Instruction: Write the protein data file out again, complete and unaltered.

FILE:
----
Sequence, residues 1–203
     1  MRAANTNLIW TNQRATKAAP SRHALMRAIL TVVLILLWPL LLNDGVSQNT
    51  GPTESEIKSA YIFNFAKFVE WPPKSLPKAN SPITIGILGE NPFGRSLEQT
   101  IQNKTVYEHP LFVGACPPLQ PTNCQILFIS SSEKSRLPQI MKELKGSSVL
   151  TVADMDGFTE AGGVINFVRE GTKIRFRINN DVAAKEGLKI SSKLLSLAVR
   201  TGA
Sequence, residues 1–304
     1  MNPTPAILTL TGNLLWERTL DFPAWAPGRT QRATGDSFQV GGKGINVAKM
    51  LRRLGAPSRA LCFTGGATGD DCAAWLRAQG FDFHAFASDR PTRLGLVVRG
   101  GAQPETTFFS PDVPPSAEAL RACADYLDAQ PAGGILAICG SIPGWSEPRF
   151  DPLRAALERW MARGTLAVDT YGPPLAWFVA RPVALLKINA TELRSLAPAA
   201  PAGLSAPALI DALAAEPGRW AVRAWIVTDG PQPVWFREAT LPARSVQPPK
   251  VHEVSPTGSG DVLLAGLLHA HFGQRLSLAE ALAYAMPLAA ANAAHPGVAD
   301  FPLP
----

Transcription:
Sequence, residues 1–203
     1  MRAANTNLIW TNQRATKAAP SRHALMRAIL TVVLILLWPL LLNDGVSQNT
    51  GPTESEIKSA YIFNFAKFVE WPPKSLPKAN SPITIGILGE NPFGRSLEQT
   101  IQNKTVYEHP LFVGACPPLQ PTNCQILFIS SSEKSRLPQI MKELKGSSVL
   151  TVADMDGFTE AGGVINFVRE GTKIRFRINN DVAAKEGLKI SSKLLSLAVR
   201  TGA
Sequence, residues 1–304
     1  MNPTPAILTL TGNLLWERTL DFPAWAPGRT QRATGDSFQV GGKGINVAKM
    51  LRRLGAPSRA LCFTGGATGD DCAAWLRAQG FDFHAFASDR PTRLGLVVRG
   101  GAQPETTFFS PDVPPSAEAL RACADYLDAQ PAGGILAICG SIPGWSEPRF
   151  DPLRAALERW MARGTLAVDT YGPPLAWFVA RPVALLKINA TELRSLAPAA
   201  PAGLSAPALI DALAAEPGRW AVRAWIVTDG PQPVWFREAT LPARSVQPPK
   251  VHEVSPTGSG DVLLAGLLHA HFGQRLSLAE ALAYAMPLAA ANAAHPGVAD
   301  FPLP